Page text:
WSU’s College of Agricultural, Human, and Natural Resource Sciences (CAHNRS) expended nearly 76 percent of the USDA research dollars as reported by the NSF. WSU College of Veterinary Medicine expended nearly 12 percent of USDA funding, conducting research focused on livestock health and food security. WSU’s Voiland College of Engineering and Architecture (VCEA) also expended USDA funds, including research in the use of renewable biomass material from the region’s fields and forests to develop bio-products and biofuels. In addition, a number of other WSU colleges and support units spent USDA funds.
“As a key research partner with the USDA, we’re proud to make discoveries that benefit growers, consumers, our economy, and the natural environment,” said André-Denis Wright, dean of CAHNRS.
In fiscal year 2017, CAHNRS had a diverse portfolio of USDA-funded programs. The programs include providing testing and pathogen-free material to support the region’s multi-billion dollar fruit tree, wine grape, and hops industries; the creation of the Genome Database for Rosaceae (GDR), which allows scientists to access and explore Rosaceae genetics, genomics, and breeding data through a suite of integrated data mining tools, speeding up research into better crops and stronger, healthier plants; reducing Bovine Respiratory Disease complex in beef and dairy cattle by finding genetic markers for resistance; and establishing the knowledge base and resources to grow organic quinoa in the U.S., by making it resistant to heat, insects and disease pressure.
“Federal support in 2017 helped our scientists deploy next-generation technology and techniques for better grains, legumes, potatoes and fruit crops, and provide virus-free fruit trees, grapevines and hops to safeguard multi-billion-dollar industries,” Wright said. “We’re breeding quinoa with improved yield and nutrition for American organic farmers, and studying the genome to fight Bovine Respiratory Disease, a major killer of beef and dairy cattle—all thanks to national investment.”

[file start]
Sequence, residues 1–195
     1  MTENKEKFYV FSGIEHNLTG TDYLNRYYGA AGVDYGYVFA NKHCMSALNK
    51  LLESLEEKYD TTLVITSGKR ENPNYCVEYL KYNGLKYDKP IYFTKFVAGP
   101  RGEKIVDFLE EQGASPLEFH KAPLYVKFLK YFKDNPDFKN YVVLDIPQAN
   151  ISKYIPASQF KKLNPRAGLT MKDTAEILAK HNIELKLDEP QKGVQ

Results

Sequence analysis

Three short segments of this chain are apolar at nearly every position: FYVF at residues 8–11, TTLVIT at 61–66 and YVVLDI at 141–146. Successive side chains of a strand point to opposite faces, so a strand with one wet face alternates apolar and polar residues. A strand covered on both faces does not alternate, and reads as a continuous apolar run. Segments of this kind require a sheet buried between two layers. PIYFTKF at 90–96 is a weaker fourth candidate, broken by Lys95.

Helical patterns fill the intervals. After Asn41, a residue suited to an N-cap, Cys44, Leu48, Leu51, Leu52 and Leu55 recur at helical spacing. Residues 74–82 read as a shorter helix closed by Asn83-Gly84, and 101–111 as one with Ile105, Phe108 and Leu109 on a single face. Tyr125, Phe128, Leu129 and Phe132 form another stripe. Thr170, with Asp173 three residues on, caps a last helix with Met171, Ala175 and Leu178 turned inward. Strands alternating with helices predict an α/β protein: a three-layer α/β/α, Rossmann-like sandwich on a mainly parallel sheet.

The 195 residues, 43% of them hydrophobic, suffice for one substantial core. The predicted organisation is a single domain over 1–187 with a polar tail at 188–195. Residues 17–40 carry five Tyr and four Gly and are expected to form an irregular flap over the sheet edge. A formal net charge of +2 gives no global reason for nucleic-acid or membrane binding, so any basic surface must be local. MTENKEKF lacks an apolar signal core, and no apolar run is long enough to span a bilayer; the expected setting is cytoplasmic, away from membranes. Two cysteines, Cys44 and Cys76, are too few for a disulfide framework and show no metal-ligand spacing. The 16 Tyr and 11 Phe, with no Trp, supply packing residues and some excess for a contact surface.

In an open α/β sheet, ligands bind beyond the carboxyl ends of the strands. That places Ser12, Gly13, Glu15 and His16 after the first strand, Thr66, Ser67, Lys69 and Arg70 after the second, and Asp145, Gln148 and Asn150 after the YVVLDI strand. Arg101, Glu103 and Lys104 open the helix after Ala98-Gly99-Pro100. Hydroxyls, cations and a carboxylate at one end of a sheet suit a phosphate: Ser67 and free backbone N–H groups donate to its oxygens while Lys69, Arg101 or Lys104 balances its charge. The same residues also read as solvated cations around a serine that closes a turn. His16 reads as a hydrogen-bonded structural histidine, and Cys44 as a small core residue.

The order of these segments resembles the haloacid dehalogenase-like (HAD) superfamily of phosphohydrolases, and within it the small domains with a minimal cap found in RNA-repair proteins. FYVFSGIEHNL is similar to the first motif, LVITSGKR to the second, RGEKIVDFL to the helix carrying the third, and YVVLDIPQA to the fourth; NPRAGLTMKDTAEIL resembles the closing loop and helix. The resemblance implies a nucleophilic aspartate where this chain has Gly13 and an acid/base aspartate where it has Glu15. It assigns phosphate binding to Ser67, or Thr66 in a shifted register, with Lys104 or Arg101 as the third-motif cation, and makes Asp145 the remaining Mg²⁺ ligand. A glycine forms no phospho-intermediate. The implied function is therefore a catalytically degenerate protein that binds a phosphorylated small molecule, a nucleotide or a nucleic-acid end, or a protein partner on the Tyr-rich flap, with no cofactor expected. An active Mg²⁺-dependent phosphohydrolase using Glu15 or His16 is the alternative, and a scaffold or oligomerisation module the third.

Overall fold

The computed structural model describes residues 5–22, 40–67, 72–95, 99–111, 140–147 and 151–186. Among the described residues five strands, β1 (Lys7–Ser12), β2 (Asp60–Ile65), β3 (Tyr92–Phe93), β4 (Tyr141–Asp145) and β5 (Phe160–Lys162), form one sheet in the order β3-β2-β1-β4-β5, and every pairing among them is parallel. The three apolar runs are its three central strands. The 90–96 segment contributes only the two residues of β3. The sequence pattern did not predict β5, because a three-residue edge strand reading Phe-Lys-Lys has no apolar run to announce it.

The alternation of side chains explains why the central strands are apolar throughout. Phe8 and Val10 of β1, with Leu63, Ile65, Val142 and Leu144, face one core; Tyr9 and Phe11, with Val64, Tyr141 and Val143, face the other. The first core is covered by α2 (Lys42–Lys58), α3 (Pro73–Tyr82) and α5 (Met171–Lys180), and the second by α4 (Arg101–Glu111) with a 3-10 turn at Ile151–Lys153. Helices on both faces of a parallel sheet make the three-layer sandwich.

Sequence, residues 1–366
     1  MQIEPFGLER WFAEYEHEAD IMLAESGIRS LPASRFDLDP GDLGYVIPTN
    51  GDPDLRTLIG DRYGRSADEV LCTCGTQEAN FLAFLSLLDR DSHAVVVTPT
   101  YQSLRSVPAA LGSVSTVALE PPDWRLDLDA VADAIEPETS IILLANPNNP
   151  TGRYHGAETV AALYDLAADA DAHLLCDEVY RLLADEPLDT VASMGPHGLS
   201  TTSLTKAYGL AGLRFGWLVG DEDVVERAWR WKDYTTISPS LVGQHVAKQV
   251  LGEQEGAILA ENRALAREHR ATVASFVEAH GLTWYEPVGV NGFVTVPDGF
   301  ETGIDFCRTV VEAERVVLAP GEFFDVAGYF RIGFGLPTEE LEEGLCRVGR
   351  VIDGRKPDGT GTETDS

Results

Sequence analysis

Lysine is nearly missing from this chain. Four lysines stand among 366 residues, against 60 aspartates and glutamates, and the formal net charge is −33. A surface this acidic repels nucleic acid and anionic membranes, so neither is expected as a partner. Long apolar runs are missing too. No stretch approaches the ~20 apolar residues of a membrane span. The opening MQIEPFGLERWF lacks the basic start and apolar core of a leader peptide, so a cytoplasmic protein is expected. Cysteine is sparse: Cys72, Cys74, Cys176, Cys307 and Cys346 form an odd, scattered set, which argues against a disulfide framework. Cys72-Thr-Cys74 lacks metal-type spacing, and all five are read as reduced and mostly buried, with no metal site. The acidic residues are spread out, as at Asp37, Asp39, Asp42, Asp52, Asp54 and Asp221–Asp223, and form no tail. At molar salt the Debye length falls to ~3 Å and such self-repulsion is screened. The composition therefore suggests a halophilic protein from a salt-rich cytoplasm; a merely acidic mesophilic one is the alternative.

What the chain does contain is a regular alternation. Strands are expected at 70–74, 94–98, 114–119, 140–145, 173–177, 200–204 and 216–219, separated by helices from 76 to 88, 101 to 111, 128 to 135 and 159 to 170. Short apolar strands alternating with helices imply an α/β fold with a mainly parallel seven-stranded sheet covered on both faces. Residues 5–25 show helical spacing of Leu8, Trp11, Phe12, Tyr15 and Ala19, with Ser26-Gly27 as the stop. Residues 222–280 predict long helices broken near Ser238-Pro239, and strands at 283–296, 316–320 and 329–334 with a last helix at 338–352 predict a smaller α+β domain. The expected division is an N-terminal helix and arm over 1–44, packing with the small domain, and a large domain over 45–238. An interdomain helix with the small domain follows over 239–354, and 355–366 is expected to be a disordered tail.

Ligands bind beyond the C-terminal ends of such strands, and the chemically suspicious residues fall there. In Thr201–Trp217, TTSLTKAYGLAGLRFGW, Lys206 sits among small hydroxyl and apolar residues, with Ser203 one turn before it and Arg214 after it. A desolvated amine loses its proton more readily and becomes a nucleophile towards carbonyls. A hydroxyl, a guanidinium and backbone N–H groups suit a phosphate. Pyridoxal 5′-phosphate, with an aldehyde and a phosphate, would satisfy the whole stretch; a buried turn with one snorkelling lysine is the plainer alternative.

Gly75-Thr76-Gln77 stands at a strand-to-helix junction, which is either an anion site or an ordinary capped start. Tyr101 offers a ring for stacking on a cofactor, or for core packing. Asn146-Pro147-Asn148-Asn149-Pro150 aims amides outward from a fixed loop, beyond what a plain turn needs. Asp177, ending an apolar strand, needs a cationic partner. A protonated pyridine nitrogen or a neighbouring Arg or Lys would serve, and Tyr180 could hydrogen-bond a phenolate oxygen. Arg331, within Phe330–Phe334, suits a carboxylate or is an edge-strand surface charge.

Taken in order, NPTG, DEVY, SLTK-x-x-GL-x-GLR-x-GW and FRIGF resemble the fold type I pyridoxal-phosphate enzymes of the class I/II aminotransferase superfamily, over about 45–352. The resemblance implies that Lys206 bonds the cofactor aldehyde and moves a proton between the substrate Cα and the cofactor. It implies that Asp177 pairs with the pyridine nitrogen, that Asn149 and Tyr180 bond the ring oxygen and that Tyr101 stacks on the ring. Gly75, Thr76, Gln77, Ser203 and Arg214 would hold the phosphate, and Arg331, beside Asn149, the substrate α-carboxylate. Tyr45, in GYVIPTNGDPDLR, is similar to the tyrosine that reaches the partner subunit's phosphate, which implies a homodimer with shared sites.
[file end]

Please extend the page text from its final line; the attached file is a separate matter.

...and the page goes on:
As the top project expending the most USDA funds at WSU, NARA developed technologies, resources and analyses for turning biomass from forest residuals, such as tree limbs and branches that remain after a forest harvest, into bio-based alternatives to petroleum-based products such as jet fuel. Led by researchers from both WSU’s VCEA and CAHNRS, the project included researchers from eight departments and research units across three colleges on two campuses. NARA was comprised of 32 partners from the biofuels and aviation industries, forest sector, public universities, and government laboratories, the project focused on reducing fossil fuel use and greenhouse gas emissions, as well as bolstered sustainable economic-development potential in timber-based rural communities located throughout the Pacific Northwest. The five-year project, which ended in 2017, was supported by the USDA National Institute of Food and Agriculture (USDA-NIFA).